Imagine there is an injection being recommended, and it’s to lower your risk of getting a disease. The injection is new, meaning almost no time has passed to do a proper longitudinal study on its efficacy, and more importantly its safety.

While there are no long-term data available, there is a massive sample size of individuals who have taken the injection. This effectively represents a large cross-sectional dataset of injection information.

The question is, can that cross-sectional dataset, which normally would not substitute for longitudinal data, now substitute for longitudinal data because of its massive sample size?

Is there something in the statistical arsenal, specifically probability, that would reveal chronic symptoms surfacing as acute symptoms for a small but significant portion of the population (the tail of some distribution) if the sample size is large enough?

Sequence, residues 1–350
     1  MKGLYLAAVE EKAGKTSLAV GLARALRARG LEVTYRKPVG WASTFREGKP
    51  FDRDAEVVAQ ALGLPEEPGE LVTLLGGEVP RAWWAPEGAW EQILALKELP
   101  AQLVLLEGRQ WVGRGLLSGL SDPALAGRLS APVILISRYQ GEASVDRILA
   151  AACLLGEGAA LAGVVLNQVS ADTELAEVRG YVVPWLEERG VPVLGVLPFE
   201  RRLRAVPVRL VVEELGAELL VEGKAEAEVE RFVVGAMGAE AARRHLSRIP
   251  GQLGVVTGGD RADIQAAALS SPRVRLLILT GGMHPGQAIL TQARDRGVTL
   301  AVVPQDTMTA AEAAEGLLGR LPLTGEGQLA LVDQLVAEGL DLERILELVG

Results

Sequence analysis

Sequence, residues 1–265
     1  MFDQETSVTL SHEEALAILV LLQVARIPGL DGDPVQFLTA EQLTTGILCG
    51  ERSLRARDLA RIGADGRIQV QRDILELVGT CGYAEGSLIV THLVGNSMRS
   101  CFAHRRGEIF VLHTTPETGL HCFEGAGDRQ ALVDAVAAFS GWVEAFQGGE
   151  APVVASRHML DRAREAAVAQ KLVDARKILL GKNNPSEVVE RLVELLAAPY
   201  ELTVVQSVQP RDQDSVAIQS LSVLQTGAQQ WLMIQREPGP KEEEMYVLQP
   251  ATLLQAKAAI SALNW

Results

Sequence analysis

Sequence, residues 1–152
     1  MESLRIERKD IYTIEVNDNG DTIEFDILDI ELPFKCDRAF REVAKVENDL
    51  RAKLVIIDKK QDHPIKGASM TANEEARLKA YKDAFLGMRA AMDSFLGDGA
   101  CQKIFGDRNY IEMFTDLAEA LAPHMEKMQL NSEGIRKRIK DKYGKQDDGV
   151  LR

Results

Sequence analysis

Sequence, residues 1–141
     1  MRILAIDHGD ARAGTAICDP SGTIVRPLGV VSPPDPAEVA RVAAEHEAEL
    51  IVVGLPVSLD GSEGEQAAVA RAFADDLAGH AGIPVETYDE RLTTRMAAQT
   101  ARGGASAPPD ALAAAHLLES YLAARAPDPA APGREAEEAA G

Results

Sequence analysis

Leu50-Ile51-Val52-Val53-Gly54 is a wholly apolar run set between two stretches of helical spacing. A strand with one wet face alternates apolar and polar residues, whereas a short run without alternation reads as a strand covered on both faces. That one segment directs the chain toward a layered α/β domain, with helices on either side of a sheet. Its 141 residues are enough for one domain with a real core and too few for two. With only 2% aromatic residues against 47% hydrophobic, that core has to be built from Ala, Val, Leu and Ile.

• $\begingroup$ No, there’s no magic. $\endgroup$
    – Aksakal
    Dec 7, 2021 at 15:11
  • $\begingroup$ @Aksakal Not an answer, try harder. $\endgroup$
    – Cybernetic
    Dec 7, 2021 at 15:22
  • $\begingroup$ It’s a comment not an answer. You know the answer yourself $\endgroup$
    – Aksakal
    Dec 7, 2021 at 15:55


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